We are indebted to Mr. Colin Jackson of Malvern for this story: whether true or legendary, it is a good tale. It has a tenuous link with Alcester, inasmuch as John Sing's grandson married a daughter of Joshua Hopkins a noted Baptist worthy of Alcester and proprietor of the shop on High Street which we now call Bunting's.
Part of a letter written in 1739 by John Sing, a tanner and pastor of Bridgnorth Baptist Church, detailing a remarkable incident in his life (in 1699)
'There is a large common called Morf, adjoining to the east side of the town upon which there is a large hill over the top where-of lieth the great road to Wolverhampton, etc. in the middle of which road on the top of the hill I found a shilling. It is natural at such a time to look for more, which I did, but in a superficial manner. The next day, my vocation leading me that way, I found another shilling. I then concluded there must be money lost in that place, which I carefully examined but found no more.
The next day, being the last Sunday in the month there was a sort of vestry or parish meeting which I was obliged to attend upon. Amongst other cases there was a very poor man that applied for relief, to whom the Bailiff ordered four pence per week with a penny loaf to be given him every day at church. It was answered by some present "He does not come to church??. "Where does he go", said the Bailiff. "In the church at the bridge end", said the overseer, meaning the Baptist Chapel there. 'Nay, then,' I replied the Bailiff, " the church at the bridge end maintain their own poor, for we will have nothing to say to them". Accordingly, the poor man was dismissed without any allowance and my heart ached for him annd did verily believe God had handed me that money for the relief of that poor man: for which, the good old man thought he could never sufficiently thank me. I told him he ought to thank God and not me, for I had it without any industry of my own. His answer was that he thanked God and me also.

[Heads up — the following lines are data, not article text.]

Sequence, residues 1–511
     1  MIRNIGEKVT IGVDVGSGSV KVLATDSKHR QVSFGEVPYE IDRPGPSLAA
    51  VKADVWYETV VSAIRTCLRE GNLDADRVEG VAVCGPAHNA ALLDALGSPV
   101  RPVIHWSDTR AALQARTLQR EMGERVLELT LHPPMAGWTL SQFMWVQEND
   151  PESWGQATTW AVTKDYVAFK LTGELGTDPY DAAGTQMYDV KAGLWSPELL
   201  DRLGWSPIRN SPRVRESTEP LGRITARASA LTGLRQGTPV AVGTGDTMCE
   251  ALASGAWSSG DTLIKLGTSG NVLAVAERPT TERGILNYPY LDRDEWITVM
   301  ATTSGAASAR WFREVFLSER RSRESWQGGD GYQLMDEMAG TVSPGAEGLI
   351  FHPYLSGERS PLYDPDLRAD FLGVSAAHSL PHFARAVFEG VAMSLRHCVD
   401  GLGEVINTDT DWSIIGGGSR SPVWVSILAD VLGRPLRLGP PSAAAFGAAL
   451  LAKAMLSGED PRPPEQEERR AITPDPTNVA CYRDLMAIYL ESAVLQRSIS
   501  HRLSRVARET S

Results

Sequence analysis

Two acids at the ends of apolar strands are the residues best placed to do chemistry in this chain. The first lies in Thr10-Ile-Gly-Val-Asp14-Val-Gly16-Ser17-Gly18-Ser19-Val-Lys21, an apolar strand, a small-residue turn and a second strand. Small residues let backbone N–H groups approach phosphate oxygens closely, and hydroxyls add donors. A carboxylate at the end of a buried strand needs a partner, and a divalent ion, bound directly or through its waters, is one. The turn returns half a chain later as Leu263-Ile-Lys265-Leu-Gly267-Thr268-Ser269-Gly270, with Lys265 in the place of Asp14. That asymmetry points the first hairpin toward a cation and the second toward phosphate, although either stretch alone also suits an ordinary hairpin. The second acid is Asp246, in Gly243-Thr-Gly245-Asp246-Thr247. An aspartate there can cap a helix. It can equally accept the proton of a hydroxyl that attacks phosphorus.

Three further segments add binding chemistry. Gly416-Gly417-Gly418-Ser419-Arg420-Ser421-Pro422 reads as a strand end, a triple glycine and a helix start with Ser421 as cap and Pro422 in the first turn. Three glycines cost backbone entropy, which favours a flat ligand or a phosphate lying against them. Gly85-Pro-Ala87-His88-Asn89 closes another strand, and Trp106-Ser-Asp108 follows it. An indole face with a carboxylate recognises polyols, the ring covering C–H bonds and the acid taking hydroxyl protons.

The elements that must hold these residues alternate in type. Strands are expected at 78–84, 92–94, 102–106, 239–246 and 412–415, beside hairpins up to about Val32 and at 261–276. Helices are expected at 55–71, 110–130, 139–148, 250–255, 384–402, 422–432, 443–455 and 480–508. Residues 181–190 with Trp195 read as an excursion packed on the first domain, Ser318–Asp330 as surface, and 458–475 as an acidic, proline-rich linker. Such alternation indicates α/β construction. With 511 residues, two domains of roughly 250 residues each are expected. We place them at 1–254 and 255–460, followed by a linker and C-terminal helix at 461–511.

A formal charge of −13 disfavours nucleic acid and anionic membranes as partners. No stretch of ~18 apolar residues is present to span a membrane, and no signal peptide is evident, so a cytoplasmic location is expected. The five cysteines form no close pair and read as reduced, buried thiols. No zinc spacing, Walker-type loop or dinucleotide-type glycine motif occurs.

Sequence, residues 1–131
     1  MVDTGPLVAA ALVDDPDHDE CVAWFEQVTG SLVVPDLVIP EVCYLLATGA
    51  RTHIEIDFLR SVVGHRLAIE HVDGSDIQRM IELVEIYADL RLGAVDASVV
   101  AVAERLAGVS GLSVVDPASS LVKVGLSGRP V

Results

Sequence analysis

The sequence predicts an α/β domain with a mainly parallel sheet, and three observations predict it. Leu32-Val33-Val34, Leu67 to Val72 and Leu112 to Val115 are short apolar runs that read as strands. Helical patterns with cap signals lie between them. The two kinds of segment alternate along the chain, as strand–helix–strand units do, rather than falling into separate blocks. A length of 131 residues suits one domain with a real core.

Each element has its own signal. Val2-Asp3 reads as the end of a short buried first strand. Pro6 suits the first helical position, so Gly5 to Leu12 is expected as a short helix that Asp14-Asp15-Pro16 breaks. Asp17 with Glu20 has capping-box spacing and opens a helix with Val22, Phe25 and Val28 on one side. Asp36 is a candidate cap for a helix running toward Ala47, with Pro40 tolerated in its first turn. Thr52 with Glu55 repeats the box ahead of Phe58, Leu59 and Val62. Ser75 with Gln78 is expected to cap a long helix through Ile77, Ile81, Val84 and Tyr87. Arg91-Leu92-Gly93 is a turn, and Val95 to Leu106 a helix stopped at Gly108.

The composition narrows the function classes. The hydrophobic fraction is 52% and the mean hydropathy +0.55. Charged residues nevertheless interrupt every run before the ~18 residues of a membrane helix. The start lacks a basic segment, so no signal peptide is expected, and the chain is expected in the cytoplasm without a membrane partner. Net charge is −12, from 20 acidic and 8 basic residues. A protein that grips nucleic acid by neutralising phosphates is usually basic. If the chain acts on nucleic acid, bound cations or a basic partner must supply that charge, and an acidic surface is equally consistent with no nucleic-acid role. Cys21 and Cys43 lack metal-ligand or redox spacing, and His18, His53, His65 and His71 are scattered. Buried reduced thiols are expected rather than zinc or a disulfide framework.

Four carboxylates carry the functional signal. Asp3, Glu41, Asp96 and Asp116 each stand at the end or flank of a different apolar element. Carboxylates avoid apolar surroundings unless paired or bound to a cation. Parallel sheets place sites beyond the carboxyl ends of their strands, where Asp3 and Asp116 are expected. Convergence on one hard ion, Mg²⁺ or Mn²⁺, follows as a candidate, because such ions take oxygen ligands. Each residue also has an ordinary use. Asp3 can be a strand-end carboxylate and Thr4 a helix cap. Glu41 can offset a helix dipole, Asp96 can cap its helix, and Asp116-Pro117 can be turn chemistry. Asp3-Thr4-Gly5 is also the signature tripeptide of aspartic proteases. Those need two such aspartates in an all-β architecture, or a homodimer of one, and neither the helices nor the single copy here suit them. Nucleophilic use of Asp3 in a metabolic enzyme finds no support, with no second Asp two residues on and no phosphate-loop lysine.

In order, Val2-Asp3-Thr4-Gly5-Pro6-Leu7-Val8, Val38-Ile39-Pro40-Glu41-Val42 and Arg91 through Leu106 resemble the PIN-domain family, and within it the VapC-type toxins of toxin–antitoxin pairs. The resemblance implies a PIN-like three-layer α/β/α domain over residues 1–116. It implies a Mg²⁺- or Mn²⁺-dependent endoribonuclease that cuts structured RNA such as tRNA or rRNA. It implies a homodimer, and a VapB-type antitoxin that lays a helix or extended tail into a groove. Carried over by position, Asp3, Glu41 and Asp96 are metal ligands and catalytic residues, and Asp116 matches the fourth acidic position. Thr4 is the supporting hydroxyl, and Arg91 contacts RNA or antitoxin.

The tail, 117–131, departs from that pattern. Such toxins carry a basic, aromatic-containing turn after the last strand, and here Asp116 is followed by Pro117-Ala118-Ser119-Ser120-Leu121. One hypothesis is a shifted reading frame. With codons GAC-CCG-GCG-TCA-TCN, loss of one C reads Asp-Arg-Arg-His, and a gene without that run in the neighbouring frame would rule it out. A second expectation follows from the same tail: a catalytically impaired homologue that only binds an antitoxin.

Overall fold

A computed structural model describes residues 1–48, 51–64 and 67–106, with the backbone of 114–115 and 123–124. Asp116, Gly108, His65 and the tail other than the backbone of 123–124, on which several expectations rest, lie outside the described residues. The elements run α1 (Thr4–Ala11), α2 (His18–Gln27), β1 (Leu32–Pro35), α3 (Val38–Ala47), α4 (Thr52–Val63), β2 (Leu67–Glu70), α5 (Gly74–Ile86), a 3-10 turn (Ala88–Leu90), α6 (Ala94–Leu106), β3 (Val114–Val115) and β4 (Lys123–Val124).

About the latter end of the week I went that way again and in the very same place I found another shilling and resolved to make the strictest search I could, took my penknife and drew it to and fro in the sand and gravel for the space of three or four yards within the compass of the shilling and do verily believe that had there been another I had turned it up (though what shillings I found there from first to last always lay on the surface of the sand in the very same place in the midst of the track) but, as before, so at that time I could find no more, only began to think that there was something uncommon
The next week, going away and finding another shilling, I was exceedingly surprised andcarried away in transports of wonder and joy ..... However, from that time I was fully persuaded in my own breast that the money was handed to me in some extraordinary manner that whensoever I came there I could find a shilling and no other piece and that it would remain invisible to others passing that way; and lastly that all the money ought to be laid out for charitable uses and the whole to be kept as a secret.
Accordingly, I never went that way but that I found a shilling ...... and always applied the money to the best uses being obliged on Thursday to attend Kidderminster market, I had a servant with me to assist in taking the mare which I pastured in some lands on the other side of the hill. I saw the shilling at some little distance, put the servant before me, picked up the shilling and inadvertently put it to the rest of my money and with the rest of my money very foolishly paid it away for goods bought of Mr. Walker of Kidderminster
He had no sooner put up the money than my heart smote me. I saw my error in parting with the piece but had no power to ask for it again and stood (then as we say) like one planet struck. I cam all the way home with a heavy heart firmly believing I should find no more: which fell out accordingly. Thus, Sir, I have given you the history'.
Memorials to various members of the Sing (Synge) family are in the Baptist chapel at Bridgnorth.
Winter 1990 Index
© Alcester & District Local History Society 1991